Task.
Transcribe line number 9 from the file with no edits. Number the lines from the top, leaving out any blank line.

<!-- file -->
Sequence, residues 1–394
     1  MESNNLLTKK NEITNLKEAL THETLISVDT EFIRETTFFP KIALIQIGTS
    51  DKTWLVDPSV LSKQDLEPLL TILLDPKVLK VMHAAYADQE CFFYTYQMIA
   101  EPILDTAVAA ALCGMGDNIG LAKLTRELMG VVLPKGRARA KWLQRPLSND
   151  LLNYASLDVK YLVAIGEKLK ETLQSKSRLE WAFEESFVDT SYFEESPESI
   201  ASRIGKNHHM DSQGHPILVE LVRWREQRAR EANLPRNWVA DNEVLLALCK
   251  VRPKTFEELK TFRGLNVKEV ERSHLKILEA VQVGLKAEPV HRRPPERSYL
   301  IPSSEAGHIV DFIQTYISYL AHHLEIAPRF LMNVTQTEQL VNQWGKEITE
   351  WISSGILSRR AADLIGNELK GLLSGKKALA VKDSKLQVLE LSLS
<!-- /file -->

   351  WISSGILSRR AADLIGNELK GLLSGKKALA VKDSKLQVLE LSLS